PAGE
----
Cost Accounting - Case Study

Topics: Chocolate, Asset, Balance sheet Pages: 7 (2145 words) Published: May 31, 2012
Puyricard Fine Chocolate.
Puyricard is a premium chocolate-maker. It produces and sells fine handmade chocolates, calissons and confectionary through its own retail network (14 stores in France: 12 in Provence, 2 in Paris), wholesales and website. It is the French leader for craft chocolate, with an annual production of 120 tons of chocolate and a turnover of 6,9 million euros. The company is family-owned and run by the sons of the founders. It was created 40 years ago and the CEO, Tanguy Roelandts, now tries to increase the development of the company by opening new shops and finding new commercial agreements, increasing online sales, with still premium chocolates and candies.

Puyricard was created in the 1968 by Marie-Anne Roelandts and her husband Jan-Guy, a Belgian couple who arrived in Southern France near Aix-en-Provence after having left Africa when Congo decolonization of Congo triggered war. In the late 50’s, Marie-Anne had decided to launch a chocolate manufacture in Congo. She went to one of the best Brussels chocolate maker to learn the technique of chocolate. She bought manufacturing machines. In Africa, she learnt the principles of cocoa. Making chocolate is true alchemy. To work chocolate, it needs to be slightly below body temperature. At over 37 degrees centigrade it loses its gloss and its qualities. Nevertheless, little by little, Marie-Anne became an expert. The chocolates she made were increasingly popular. They became the accepted corporate gift, the small offering that diplomats give to their foreign guests. They had to leave Congo with the beginning of political fights and decolonization war. Neither Jan Guy nor Marie-Anne wanted to return home. They liked the sun, so the Mediterranean looked inviting. For Jan Guy, any country on the ‘Grand Bleu’ would have been just fine, but Marie-Anne did not agree. She preferred a French-speaking country. Around the Mediterranean the choice was limited, so the couple headed for Provence. It was in Aix en Provence that the Roelandts family made their home in 1967. They set up their

workshop in a hangar on the site of a disused building materials factory. This place was close to Puyricard, and this charming village’s name was adopted by the Roelandts for the family chocolate-making firm. In this thyme-growing region, chocolate was not part of local gastronomy. The people were wary of it, knew little about it. It was given at Christmas but only sparingly. It was treated like a newcomer, an “outsider” from a different place. In truth, they were right to be cautious, as the chocolate available here was often stale and of mediocre quality. So the Roelandts found themselves having to fight against an entire culture. While Marie-Anne took care of the production, Jan Guy educated the people. He became a missionary of fine chocolate, visiting the confectionery shops. After having tamed the local confectioners, the Roelandts decided to open their own shops. The first was situated on the little road that lead to Puyricard. Tourists called in and the locals approached with caution. Over the years, they opened eleven shops all over the South of France and two shops in Paris. Situated as they were near Aix en Provence, they decided to make calissons, a delicious regional speciality.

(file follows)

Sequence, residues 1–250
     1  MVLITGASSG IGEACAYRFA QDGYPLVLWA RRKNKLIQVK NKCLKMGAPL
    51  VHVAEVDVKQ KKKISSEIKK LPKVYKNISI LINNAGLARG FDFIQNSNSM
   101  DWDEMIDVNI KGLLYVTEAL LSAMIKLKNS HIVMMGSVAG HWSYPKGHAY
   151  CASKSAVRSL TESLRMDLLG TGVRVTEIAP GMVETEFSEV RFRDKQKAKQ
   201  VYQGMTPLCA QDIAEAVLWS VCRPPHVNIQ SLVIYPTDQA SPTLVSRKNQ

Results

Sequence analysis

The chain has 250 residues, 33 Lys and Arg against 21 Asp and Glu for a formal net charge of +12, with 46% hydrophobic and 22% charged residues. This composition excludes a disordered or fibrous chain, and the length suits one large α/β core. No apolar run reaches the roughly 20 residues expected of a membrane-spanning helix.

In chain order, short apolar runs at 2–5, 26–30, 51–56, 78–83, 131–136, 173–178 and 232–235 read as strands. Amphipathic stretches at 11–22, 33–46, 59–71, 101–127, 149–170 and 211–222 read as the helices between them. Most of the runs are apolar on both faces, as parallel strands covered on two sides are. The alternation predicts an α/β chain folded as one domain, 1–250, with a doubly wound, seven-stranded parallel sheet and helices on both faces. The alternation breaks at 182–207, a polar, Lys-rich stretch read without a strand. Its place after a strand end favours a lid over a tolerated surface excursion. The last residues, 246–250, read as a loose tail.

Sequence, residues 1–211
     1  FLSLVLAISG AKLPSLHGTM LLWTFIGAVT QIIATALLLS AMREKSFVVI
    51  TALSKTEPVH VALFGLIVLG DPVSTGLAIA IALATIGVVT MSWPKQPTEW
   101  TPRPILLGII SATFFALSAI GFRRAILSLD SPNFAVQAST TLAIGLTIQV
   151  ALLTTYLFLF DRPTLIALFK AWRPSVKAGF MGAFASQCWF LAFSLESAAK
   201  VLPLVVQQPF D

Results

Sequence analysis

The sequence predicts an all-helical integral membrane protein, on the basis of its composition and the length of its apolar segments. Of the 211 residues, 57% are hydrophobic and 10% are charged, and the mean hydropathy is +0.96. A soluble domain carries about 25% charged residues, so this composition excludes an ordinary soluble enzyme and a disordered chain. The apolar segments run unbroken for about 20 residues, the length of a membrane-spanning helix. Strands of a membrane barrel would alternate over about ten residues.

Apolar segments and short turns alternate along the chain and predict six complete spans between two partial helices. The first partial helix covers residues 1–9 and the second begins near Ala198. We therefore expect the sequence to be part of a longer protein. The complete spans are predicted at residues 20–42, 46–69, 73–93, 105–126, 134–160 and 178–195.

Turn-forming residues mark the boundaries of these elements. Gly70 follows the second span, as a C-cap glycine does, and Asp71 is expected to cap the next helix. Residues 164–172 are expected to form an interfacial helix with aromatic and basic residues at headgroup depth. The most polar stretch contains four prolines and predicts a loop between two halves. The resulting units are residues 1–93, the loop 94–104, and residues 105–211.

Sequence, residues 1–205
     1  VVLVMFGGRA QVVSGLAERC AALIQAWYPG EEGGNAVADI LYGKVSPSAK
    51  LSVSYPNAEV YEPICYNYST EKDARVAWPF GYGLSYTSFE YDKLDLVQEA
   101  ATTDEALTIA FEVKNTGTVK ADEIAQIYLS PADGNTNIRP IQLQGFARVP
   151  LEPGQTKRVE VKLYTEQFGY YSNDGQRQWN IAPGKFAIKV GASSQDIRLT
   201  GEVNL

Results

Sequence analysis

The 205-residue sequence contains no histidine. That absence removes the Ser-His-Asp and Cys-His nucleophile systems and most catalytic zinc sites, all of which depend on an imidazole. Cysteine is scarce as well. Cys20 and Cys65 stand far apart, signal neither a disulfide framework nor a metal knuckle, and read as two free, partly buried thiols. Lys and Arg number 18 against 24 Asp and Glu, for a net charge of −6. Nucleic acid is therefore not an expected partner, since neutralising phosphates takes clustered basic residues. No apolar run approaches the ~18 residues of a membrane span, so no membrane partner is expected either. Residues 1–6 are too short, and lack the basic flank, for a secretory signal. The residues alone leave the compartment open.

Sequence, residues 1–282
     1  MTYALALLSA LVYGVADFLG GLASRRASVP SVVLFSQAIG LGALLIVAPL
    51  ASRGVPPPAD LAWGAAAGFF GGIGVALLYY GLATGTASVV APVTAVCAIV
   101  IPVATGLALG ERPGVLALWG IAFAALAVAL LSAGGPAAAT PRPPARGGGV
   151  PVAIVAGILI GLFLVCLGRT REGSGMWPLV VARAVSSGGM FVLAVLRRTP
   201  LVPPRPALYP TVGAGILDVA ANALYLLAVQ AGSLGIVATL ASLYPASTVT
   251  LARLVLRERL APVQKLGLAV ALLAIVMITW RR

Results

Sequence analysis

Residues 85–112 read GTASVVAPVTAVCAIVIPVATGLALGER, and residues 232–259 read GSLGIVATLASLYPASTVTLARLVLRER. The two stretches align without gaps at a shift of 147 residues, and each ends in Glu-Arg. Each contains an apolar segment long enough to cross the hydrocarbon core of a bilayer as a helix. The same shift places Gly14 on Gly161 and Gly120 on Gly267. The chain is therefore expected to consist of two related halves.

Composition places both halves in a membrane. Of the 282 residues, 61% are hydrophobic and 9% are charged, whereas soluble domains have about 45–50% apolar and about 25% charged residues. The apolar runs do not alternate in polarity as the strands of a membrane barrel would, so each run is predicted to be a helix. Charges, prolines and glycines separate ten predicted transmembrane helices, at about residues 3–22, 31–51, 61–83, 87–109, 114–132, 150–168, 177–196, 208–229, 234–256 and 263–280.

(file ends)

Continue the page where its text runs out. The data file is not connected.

Chocolate is the main product. However, Puyricard developed classical Provence gourmet food, with calissons, marrons glacés, fruits confits. They position themselves as premium classics. However, they create new products each season, with principles of collections. Chocolate demand is seasonal, particularly for the gourmet segment. 45% of Puyricard sales are in December. Puyricard policy is to use the best quality products and diary. They only use fresh ingredients and reject all synthetic flavourings, chemical additives or any other conservation method. As a matter of fact, for confectionary and truffles, they use real crème fraîche, not UHT (ultrahigh...
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